These pairs worked perfectly for the blog. But a blog is not the same thing as a gallery experience where the viewer can move around freely, going between the works on display as and how they like. Hans Kraus clearly knows this because he didn’t use the same approach for the gallery hang as Larry used in his blog. Instead Hans looked at the layout of the gallery, which is essentially a single space divided into two halves by an enormous glass staircase, and devoted the first half of the gallery to Talbot while giving the second half over to those modern artists who had been influenced by Talbot. It was an inspired decision, because it encouraged the viewer to constantly move backwards and forwards, over and over, time and again, to look at the Talbot material after being informed by a contemporary work, and vice versa. The result was an intriguing dialogue. I’m told they have a fitting expression in football circles when they say, it’s a game of two halves (a good title for an exhibition, maybe).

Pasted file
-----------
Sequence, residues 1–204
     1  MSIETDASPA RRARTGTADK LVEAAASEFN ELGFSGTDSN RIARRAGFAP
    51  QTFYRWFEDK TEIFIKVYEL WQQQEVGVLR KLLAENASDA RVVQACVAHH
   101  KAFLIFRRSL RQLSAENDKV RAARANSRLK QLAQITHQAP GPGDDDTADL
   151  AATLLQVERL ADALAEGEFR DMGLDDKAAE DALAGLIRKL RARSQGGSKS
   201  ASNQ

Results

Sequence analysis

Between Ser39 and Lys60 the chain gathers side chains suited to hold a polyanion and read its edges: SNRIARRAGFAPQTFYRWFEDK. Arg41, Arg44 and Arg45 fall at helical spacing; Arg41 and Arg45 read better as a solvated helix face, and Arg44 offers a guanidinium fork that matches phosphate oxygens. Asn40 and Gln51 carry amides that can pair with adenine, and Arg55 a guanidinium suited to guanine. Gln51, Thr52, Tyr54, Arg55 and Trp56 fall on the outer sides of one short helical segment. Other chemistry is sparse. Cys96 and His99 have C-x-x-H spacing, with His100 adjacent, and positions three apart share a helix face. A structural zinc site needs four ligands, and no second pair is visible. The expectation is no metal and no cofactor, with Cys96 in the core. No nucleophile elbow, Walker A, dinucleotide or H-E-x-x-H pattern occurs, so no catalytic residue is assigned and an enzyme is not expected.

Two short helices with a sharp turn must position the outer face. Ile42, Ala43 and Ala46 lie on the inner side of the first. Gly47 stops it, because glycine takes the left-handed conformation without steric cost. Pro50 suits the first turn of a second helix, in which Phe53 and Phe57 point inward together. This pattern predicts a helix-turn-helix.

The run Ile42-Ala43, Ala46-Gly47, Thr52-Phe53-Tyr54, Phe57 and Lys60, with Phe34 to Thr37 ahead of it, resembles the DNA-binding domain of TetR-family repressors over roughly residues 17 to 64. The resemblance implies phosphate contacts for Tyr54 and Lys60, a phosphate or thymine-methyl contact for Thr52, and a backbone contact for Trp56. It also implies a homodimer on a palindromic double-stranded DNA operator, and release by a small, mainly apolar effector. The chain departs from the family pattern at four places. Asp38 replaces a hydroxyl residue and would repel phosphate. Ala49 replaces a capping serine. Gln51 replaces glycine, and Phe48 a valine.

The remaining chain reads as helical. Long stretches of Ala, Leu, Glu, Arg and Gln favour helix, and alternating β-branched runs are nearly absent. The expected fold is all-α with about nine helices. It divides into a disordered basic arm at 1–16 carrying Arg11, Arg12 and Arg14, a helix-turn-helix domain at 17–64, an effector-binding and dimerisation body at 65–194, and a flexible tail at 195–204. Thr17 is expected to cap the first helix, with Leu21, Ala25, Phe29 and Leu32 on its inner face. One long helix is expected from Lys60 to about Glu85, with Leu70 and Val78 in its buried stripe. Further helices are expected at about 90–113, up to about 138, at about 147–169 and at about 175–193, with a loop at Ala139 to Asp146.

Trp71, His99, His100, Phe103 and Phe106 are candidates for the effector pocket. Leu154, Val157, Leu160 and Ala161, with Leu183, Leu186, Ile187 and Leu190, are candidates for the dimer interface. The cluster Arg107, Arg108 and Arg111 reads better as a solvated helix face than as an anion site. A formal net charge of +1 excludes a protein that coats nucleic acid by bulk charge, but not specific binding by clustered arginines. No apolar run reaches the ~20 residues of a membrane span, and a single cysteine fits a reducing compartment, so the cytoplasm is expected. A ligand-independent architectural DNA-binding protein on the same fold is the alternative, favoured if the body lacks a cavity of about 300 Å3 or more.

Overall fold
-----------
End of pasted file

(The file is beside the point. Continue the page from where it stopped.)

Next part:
There were inklings in other previous posts by Larry of what was in store, such as the incredibly beautiful ‘Iotypes’ by Grant Romer, which Larry had highlighted at the foot of another recent blog. Oh, and before I forget, it’s worth saying that the exhibition was also simply beautiful. Not an easy feat in a room which when empty probably has the look and feel of a concrete bunker, but on this occasion the brute of a space was tamed.

There were also important items on loan from the our very own Bodleian Library’s Talbot collection. Talbot’s personal electrostatic ‘wand’, which he used for experiments in electricity, was on display. The Bodleian had previously allowed Hiroshi Sugimoto to borrow the very same wand. Incredibly, the Bodleian gave permission for the wand to be used as originally intended, to carry electrical charges which were discharged in the creation of Sugimoto’s, Talbotized series of photographs. Some of these electrical field photographs by Sugimoto were also on display.